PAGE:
Artist/s: Jake Cheong (piano), Ching Pong Ng (piano)
Category: Music Live
Location, Date: Australian Institute of Music John Painter Hall, 25th June, 2021 (Online Streaming Broadcast)
Reviewed by Roger Cui
“Inspiration, supported by professionalism and mastery, has always been the mark of the true art of piano playing. The Lev Vlassenko Piano Competition & Festival provides a great opportunity for young performers to play for people.”
Winner of the Gold Medal at the Liszt International Piano Competition in Budapest, and the 2nd Prize at the inaugural Tchaikovsky International Piano Competition in Moscow, Lev Nikolaevich Vlassenko (1928 – 1996) was a well-established and sought-after international concert pianist. He toured throughout Europe, America, and Japan.
As an educator, Lev served as a Professor and Chairman on the Faculty of Piano at the Moscow Conservatory. Many of his students including Mikhail Pletnev established brilliant international careers as well. He also taught at the Indiana University Bloomington, and at the New England Conservatory of Music, Boston University. In 1991, President Gorbachev of the former USSR presented Lev with the honorary title “People’s Artist of the USSR”.
Lev was invited to judge in many of world’s leading international piano competitions such as Leeds, Chopin, Lisbon, Montreal, Tokyo, Bolzano, Athens, and Australia’s very own Sydney International Piano Competition. In 1994, Lev was made the President of the Tchaikovsky International Piano Competition. In his final years, Lev resided in Australia, where he taught at the Queensland Conservatorium Griffith University. He was awarded an Honorary Doctorate by Griffith University in 1996.
In 1999, the biannial Lev Vlassenko Piano Competition and Festival was founded in memory of Lev by his daughter and his son-in-law. (Natasha Vlassenko, Head of Keyboard at the Queensland Conservatorium Griffith University, major prize winner of Busoni International in Italy and Beethoven International in Austria. Oleg Stepanov, Senior Lecturer at the Queensland Conservatorium Griffith University, Winner of Music de Chambre in Florence Italy). The inaugural edition of the competition was held in the same year.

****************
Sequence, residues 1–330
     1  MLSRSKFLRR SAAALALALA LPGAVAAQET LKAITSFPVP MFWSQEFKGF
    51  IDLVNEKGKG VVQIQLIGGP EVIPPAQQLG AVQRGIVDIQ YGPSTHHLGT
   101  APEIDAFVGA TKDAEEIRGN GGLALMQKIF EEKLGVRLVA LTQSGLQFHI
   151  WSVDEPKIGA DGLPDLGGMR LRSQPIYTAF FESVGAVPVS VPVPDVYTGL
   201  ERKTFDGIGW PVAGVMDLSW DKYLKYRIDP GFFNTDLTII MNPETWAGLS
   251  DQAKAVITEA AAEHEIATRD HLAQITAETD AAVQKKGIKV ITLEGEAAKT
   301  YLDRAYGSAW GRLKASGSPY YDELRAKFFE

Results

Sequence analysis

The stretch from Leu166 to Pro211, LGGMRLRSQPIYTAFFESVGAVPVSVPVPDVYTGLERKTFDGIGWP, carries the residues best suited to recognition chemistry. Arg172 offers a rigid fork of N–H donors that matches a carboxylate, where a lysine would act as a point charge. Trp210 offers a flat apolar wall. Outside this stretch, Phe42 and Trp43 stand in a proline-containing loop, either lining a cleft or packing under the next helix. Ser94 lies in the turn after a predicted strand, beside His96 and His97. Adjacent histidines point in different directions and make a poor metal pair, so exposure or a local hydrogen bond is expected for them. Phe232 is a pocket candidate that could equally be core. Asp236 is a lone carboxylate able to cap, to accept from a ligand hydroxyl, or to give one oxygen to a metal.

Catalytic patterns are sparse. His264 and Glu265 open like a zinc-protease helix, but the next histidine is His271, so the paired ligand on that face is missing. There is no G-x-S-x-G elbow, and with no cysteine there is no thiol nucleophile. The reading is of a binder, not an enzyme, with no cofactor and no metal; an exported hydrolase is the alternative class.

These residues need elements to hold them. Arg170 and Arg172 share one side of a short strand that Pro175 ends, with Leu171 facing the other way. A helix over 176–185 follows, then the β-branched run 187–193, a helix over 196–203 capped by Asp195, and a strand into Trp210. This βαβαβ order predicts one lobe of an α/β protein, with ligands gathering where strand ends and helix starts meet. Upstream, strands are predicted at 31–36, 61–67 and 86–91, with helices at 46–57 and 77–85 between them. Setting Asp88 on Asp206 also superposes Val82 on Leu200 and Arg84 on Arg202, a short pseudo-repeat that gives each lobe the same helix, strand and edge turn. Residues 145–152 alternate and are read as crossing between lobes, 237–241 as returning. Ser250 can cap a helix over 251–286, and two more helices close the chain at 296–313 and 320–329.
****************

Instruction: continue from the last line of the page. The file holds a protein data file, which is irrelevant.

This year marks the 12th edition of the Lev Vlassenko Piano Competition in succession. It will also feature a category called the Young Lev Vlassenko Piano Competition for pianists under the age of 16. Due to the constantly changing COVID-19 situation in Australia, the 2021 competition revised its format from live audition and solo rounds to recording and online streaming. In mid-May, the best twelve pianists over the age of 16 and the best eleven young pianists under the age of 16 received invitation by audition to perform a recital programme in one of three state capital cities (Melbourne, Sydney, Brisbane). These performances are broadcast live via online streaming services all around the world. An international jury panel chaired by Michael Endres, joined by Daniel Herscovitch and Konstantin Shamray will adjudicate the recital rounds and select three finalists in each category to travel to Brisbane in mid-July. Each finalist will perform a piano concerto of their choice with the Queensland Symphony Orchestra in front of a live audience on the 16th of July at 6:30 pm in the Queensland Conservatorium Theatre in South Bank, Brisbane. They will contest for cash prizes as well as professional concert engagements. The final round’s jury is chaired by the legendary Irish pianist Barry Douglas, joined by Irina Plotnikova, (winner of inaugural Sydney International Piano Competition) and Sergio Tiempo (protégé of Martha Argerich).
The Sydney recital round was held in the John Painter Hall of the Australian Institute of Music. It began on the 25th of June.